Fatal claims often include claims for loss of dependency based on the deceased’s income.
In a non-fatal injury claim, damages are divided into two parts: losses that have already been incurred by the date of trial and future losses that have not arisen by the time the trial takes place.
The future losses are reduced by reference to actuarial tables to reflect, amongst other things, the fact that the claimant is receiving the damages in one lump sum rather than spread over decades into the future.
In fatal claims the courts have always calculated the losses from the date of death rather than the date of trial. This has the result of under-compensating claimants as their losses incurred from death to trial are reduced to reflect early receipt, when in fact they are received late.
The Supreme Court has just considered this issue in the case of Knauer –v- MOJ.
The court highlighted that the current actuarial tables used to calculate future losses, known as the Ogden Tables simply did not exist when the House of Lords had previously considered this issue and set down the previous approach. This has now changed, the Ogden Tables are widely used to calculate future losses in personal injury claims and there is no reason why the same approach should not apply to fatal claims too. From now damages in fatal claims will be split into past (pre-trial) and future (post-trial) losses and only the future losses will be subject to the discounting for early receipt.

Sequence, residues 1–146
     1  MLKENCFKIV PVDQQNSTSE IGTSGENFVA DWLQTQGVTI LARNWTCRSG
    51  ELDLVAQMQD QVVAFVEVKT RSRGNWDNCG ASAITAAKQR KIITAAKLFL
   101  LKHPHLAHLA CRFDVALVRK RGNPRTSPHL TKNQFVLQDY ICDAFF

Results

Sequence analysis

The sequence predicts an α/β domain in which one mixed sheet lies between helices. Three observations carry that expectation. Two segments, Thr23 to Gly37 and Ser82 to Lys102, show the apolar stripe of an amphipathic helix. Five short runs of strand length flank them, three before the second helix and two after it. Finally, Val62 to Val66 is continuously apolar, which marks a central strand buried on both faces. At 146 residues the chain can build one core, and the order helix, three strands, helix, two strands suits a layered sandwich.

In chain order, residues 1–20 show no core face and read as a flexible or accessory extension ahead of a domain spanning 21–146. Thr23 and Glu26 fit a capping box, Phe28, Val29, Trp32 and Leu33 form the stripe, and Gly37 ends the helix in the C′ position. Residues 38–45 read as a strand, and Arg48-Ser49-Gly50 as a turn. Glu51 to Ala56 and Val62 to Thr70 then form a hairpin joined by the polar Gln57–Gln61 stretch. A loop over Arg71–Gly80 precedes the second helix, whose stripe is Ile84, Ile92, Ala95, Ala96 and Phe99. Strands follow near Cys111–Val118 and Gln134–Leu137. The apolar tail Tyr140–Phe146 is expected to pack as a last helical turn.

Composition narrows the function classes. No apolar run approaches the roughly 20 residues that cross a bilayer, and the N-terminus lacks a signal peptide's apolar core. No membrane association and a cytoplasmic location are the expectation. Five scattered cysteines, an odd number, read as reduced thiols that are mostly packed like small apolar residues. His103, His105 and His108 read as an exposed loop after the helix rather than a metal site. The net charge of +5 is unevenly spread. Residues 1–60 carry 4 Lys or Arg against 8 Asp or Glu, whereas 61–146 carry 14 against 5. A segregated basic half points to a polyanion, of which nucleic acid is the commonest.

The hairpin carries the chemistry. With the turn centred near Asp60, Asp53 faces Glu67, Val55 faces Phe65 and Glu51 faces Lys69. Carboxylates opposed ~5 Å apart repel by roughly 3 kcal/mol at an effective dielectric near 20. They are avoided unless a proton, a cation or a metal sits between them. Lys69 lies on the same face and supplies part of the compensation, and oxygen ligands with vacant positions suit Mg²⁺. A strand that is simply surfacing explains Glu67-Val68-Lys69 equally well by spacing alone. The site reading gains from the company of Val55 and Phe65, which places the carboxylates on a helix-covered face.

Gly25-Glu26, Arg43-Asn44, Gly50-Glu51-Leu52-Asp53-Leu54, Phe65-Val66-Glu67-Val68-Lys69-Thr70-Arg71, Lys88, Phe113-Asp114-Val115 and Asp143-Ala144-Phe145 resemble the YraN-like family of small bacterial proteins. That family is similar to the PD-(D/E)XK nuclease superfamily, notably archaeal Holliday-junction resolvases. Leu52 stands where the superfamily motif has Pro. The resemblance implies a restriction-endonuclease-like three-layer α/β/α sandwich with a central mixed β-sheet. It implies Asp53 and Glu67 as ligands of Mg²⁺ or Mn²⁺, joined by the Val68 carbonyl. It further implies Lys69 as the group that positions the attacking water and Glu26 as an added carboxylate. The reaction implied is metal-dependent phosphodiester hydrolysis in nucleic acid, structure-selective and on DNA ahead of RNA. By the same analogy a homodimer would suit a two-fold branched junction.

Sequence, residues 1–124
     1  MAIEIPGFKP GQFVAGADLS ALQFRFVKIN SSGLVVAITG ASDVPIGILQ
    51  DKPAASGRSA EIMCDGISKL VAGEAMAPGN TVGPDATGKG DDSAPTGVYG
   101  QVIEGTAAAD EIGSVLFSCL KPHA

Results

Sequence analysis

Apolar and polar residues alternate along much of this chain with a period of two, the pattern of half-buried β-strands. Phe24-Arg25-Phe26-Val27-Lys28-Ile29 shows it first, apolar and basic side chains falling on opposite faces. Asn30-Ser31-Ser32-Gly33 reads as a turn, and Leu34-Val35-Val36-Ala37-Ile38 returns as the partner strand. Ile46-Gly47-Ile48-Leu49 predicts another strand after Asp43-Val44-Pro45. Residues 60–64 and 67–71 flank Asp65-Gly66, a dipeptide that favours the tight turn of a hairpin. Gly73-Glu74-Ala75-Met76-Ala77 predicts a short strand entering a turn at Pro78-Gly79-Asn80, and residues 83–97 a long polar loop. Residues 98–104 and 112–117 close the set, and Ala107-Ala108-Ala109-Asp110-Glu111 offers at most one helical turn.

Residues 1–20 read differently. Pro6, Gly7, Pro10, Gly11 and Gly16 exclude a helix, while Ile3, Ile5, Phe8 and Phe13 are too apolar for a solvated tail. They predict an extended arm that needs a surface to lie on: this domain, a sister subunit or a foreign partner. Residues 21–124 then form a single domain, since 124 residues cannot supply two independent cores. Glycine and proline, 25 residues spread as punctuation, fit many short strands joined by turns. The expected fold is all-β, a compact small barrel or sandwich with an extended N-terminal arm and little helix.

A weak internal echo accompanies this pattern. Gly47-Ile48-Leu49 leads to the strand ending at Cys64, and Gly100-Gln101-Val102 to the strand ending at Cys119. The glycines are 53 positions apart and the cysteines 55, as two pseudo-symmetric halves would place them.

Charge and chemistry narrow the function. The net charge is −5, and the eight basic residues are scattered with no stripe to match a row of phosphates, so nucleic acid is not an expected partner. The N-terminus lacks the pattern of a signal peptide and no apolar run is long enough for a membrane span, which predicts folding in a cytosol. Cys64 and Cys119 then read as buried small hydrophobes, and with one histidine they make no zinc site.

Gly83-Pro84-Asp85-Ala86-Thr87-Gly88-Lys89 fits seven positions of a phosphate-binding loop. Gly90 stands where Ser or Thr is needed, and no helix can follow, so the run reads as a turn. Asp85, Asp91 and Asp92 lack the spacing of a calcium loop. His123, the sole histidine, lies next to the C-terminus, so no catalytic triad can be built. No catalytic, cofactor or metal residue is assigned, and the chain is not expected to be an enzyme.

Damages in fatal claims will now increase as the defendant will not benefit from the reduction of damages for early receipt by the claimant in respect of losses incurred post death but pre-trial.
In most cases the difference will not be great, but this will not always be the case. In Knauer the difference in total damages was over £50,000.
There is now even more reason to look to settle these cases sooner rather than later as limiting pre-trial damages will help to reduce a defendant’s overall liability for damages on fatal claims.
Knauer (widower and administrator of the estate of Sally Ann Knauer, deceased) v Ministry of Justice  UKSC 9